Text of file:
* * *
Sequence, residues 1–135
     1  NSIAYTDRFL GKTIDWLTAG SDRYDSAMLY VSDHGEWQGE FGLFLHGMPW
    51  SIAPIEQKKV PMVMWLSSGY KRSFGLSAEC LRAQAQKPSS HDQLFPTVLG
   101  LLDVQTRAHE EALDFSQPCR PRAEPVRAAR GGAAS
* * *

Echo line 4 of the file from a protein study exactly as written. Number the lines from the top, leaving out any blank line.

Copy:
   101  LLDVQTRAHE EALDFSQPCR PRAEPVRAAR GGAAS